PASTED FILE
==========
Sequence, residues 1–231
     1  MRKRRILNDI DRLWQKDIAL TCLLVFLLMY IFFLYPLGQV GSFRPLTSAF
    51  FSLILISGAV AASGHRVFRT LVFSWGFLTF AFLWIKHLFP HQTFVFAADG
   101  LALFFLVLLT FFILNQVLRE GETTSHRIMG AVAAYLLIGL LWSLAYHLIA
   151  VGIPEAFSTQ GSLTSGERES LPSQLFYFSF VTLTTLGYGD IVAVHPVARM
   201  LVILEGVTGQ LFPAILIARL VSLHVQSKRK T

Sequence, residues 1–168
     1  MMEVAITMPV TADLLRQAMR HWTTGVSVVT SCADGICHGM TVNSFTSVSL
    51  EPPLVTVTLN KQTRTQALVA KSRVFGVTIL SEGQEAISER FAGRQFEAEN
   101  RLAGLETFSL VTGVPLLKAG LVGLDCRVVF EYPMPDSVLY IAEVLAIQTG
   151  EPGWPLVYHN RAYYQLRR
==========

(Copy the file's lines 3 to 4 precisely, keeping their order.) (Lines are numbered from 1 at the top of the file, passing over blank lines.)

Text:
    51  FSLILISGAV AASGHRVFRT LVFSWGFLTF AFLWIKHLFP HQTFVFAADG
   101  LALFFLVLLT FFILNQVLRE GETTSHRIMG AVAAYLLIGL LWSLAYHLIA